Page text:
These films by DuVernay, Peck and Edelman have more than a broad subject in common—they’re also stylistically similar, using archival footage and interviews to construct arguments that are placed squarely in front of the viewer. On the other hand, you could get halfway through Gianfranco Rosi’s Fire At Sea and still not be able to say exactly what the film is about. This is a purely observational documentary—no narration, no interviews, no handholding. Much of it is simply an impassive camera observing the citizens of Lampedusa go about their lives: a boy honing his slingshot skills, a grandmother phoning in and requesting ballads from a radio jockey.
Rosi, who also shot the film, interrupts the tranquillity of these scenes with chaotic, wrenching scenes of refugees arriving from Africa and the Middle East, packed in small boats. There are no explicit parallels drawn, just the constant, subtle juxtaposition of the easy-going lives of the locals (in particular a talkative, engaging boy called Samuel) and the migrants who risk theirs to reach what they hope will be a safe haven. Even the big dramatic scenes—like when a group of refugees join in a mournful song that tells the story of their cross-continental journey—seem to arise, unplanned and unforced, from the material.
Perhaps the Academy voters felt that five perfectly serious films would be too much to handle. The final entry in the category is a disappointing one. In Roger Ross Williams’ Life, Animated, a young man with autism learns to communicate with the world through lines and characters from animated Disney movies. With its Reader’s Digest-ready story and occasional hand-drawn sequences, the film is heartfelt but unremarkable—a feel-good candidate in a sobering group.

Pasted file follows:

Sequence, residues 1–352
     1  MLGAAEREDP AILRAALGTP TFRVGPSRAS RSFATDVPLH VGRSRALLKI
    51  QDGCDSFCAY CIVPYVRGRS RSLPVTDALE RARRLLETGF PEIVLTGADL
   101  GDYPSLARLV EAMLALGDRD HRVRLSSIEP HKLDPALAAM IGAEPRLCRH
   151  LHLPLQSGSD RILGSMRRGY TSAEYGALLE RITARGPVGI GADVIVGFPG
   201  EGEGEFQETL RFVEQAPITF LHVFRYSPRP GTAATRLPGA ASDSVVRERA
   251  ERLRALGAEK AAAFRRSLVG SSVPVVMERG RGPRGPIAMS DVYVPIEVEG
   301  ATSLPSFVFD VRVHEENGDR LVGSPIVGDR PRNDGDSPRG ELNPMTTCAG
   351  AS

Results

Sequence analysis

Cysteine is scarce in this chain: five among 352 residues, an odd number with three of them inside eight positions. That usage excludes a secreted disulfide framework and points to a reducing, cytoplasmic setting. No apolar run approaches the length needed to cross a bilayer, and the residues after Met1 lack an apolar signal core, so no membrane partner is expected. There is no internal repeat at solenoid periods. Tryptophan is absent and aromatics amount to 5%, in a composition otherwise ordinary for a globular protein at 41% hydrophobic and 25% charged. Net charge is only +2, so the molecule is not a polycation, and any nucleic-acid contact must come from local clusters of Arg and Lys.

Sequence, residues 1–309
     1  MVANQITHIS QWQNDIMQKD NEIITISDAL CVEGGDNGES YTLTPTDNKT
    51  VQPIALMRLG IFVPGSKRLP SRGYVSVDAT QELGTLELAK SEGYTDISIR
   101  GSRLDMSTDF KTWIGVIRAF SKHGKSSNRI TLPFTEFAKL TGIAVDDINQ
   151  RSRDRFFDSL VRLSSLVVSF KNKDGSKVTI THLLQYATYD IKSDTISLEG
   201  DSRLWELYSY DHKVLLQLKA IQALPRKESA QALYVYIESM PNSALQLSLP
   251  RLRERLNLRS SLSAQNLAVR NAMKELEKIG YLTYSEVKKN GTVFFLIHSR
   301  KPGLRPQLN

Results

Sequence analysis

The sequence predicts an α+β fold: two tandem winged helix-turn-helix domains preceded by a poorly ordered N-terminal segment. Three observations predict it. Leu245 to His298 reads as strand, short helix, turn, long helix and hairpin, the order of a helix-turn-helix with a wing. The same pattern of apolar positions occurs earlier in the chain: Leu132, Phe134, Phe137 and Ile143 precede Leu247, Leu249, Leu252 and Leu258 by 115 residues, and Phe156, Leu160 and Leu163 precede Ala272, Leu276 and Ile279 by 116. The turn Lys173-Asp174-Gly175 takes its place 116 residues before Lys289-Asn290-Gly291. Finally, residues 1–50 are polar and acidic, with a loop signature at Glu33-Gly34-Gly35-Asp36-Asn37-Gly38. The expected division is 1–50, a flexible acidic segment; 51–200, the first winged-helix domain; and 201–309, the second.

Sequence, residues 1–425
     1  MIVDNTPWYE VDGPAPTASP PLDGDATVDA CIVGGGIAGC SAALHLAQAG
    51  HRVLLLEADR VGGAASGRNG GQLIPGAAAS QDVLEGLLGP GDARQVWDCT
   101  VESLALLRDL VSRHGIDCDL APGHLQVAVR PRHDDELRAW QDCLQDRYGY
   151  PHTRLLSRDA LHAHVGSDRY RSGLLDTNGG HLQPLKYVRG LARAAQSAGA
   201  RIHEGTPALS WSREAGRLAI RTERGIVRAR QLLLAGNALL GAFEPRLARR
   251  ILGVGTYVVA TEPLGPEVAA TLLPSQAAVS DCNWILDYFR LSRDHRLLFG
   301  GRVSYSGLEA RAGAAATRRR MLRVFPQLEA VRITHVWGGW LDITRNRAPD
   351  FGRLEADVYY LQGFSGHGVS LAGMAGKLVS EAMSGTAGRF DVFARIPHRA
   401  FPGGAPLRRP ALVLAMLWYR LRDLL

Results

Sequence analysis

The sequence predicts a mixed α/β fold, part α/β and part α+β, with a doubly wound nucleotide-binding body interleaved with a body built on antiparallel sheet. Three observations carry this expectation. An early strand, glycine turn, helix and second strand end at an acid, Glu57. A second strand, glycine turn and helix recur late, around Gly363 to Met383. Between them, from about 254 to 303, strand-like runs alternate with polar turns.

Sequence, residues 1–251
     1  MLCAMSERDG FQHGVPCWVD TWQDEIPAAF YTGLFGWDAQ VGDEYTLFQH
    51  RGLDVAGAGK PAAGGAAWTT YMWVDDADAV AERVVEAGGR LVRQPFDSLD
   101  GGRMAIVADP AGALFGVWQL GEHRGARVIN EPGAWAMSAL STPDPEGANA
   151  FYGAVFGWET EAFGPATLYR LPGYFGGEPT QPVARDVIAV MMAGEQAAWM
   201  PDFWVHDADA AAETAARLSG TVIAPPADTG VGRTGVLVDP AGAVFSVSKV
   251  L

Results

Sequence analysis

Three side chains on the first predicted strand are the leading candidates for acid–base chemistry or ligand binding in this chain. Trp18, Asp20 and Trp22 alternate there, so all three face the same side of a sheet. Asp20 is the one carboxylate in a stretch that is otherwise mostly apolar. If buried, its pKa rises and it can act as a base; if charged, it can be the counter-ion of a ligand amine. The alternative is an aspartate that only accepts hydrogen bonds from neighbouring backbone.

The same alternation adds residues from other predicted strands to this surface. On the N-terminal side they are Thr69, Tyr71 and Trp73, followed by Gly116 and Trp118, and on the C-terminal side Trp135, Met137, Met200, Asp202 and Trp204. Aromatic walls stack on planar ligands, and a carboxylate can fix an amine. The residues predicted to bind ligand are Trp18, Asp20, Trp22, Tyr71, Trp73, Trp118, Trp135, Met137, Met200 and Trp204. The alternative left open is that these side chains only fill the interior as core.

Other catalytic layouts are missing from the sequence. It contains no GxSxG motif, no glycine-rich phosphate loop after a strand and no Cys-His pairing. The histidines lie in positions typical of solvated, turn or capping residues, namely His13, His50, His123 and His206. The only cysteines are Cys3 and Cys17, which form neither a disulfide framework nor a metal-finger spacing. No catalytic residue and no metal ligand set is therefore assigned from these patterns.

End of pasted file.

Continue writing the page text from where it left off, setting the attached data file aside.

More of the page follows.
If you look at the official list from which the five films were selected, it becomes clear what an outstanding year for documentary 2016 was. It’s hard not to feel that the Academy missed a trick by selecting Life, Animated over the genuinely innovative animation of Tower, which uses rotoscopy to tell the story of a famous 1966 shooting at the University of Texas. Or they might have made it an all-political year by nominating Nanfu Wang’s Hooligan Sparrow or Josh Kriegman and Elyse Steinberg’s Weiner. It’s especially difficult to believe that Cameraperson, which assembles footage shot by cinematographer Kirsten Johnson for other directors’ films over 25 years, was passed over: This subtly radical film has an un-didactic approach, which would have made it a perfect partner for Fire At Sea.
At the Berlinale last year, Rosi’s film won the festival’s top prize, the Golden Bear. It might surprise those used to the segregation of fiction and documentary that non-fiction films compete for top prizes at the world’s leading film festivals (and occasionally win, like Michael Moore’s Fahrenheit 9/11 at Cannes in 2004, or Rosi’s Sacro GRA at the Venice Film Festival in 2013). This year in particular demonstrates that there’s no reason why they shouldn’t be part of the Best Picture race at the Oscars